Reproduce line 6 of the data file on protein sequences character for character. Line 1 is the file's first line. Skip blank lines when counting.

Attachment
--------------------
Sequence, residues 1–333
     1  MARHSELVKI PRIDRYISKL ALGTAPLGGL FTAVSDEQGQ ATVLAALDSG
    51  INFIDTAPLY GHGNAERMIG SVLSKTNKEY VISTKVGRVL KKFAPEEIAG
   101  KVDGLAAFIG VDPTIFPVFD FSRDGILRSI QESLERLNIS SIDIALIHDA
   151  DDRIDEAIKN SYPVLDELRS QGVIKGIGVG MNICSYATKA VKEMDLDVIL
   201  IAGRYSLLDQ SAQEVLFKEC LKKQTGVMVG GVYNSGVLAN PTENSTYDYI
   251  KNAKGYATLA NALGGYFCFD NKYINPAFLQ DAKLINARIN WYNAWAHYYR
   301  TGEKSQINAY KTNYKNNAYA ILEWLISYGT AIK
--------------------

   201  IAGRYSLLDQ SAQEVLFKEC LKKQTGVMVG GVYNSGVLAN PTENSTYDYI